Weather forecast: clear skies and 30 degrees centigrade. Summer had truly begun in Holland.
With little beads on my forehead and clammy palms, I was ready to board the plane to Malawi. For the last couple of weeks, me and my IWitness partners had got ready for this trip. I got my proper vaccinations, studied the supplied reading material and packed all the essentials. But not only essentials; thanks to gifts from our stores and colleagues, we also packed over 60 kilos of toys and other gifts for the children we were going to meet. For a trip like this, there’s no overdoing it.
The boarding went smoothly, and before I knew it the plane was soaring through the sky. With all the business and preparation beforehand, I had not had given myself time to truly think about the journey. Once aboard my mind started racing with questions and expectations. What will the schools look like? Do I have to explain why we’re there? Will I be able to have a chat with the children? What do I really expect to get out of this? I decided to give my head some rest and watch a movie. Malawi will come soon enough.
And it did. Our flight brought us to Lilongwe, the capital of Malawi. On the ground we were welcomed by two local members of UNICEF, Mackfield and Dayton. Within minutes we were having a friendly chat while driving to our hotel. Their hospitality immediately made me feel at ease. It was after midnight when we arrived, so we said our goodbyes and went to bed. So in the morning, after a quick shower, I walked through the hotel looking for a place to eat some breakfast. A clerk walked up to me for a friendly chat while guiding me to the dining area. I remember thinking: “These people are really nice, but that’s their job, right?” I joined my group at the table and we discussed our plans. For today, a short trip to Lake Malawi to ease into Malawi culture and see some UNICEF projects.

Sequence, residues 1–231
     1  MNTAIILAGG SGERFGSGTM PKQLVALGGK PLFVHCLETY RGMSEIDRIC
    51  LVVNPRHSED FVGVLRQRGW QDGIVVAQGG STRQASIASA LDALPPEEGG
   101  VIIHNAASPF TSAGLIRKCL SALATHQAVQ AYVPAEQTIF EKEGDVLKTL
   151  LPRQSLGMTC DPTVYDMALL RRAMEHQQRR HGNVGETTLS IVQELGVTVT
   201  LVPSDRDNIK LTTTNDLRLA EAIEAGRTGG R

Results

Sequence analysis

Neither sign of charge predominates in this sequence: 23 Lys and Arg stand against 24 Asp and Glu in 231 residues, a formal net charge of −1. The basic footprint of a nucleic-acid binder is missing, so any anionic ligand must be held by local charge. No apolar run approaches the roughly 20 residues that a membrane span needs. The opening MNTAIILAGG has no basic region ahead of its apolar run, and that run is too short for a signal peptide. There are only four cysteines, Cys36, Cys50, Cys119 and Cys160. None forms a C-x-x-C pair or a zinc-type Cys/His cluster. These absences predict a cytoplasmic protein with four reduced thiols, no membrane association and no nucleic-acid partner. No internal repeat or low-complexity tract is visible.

Our driver today has been with UNICEF for about 10 years and was able to answer all our questions, be it about Malawi culture, UNICEF or his own experiences. On our drive to Lake Malawi, we passed a lot of villages. These villages were nothing more than clay huts with straw roofs on them. He remarked on some more modern additions to these villages, like water wells and latrines. These were built with the help of UNICEF and the former president of Malawi to help the poorest people with their basic needs. Their value was easy to see; people could clean their hands and wash their pots and pans. The latrines are still the most effective way of reducing the spread of certain diseases.
Another remarkable sight was the difference between women and men in the villages. A lot of women were walking around with wood on their heads, a child on their backs and gardening tools in both hands. The men on the other hand were walking around empty-handed, dressed in their nicest outfits. Education on gender equality has not reached everyone apparently, but at least the children will be taught differently. In the coming days we will see exactly how the children will be introduced to social issues such as these.
For all the questions and expectations I had, Malawi had a beautiful answer. The people of this country truly have the sun in their hearts whose warmth I could feel in every encounter. But also my fellow IWitness travellers, some of whom I had met only once or twice, show such love and passion for everyone around them that I can’t help but smile.
It’s good to be in Malawi.